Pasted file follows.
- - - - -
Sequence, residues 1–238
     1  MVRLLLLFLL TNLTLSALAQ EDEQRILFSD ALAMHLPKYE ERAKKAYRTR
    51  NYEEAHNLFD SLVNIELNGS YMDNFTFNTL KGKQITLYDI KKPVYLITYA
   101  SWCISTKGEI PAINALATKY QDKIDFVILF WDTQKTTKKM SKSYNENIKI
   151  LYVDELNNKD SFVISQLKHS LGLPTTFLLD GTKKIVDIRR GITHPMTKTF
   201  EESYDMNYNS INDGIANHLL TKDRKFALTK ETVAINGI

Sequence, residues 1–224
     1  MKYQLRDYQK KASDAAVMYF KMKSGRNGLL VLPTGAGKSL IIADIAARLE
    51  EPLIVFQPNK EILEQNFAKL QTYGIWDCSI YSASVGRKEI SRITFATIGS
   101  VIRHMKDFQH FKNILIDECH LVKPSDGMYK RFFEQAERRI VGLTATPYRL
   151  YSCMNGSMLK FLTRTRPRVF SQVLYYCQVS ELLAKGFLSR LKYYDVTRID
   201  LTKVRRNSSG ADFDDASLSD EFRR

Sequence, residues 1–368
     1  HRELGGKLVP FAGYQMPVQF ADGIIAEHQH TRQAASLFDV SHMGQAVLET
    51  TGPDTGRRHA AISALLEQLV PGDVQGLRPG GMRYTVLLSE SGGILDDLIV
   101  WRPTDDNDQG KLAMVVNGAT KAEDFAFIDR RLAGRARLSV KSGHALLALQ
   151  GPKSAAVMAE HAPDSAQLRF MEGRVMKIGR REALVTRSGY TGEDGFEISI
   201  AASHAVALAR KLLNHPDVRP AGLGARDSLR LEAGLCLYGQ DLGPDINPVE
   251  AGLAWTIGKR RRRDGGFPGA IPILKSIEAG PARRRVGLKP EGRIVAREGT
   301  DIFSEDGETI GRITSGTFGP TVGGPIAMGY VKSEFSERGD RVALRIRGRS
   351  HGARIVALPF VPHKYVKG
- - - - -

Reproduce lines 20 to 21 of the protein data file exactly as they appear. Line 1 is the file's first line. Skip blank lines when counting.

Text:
   301  DIFSEDGETI GRITSGTFGP TVGGPIAMGY VKSEFSERGD RVALRIRGRS
   351  HGARIVALPF VPHKYVKG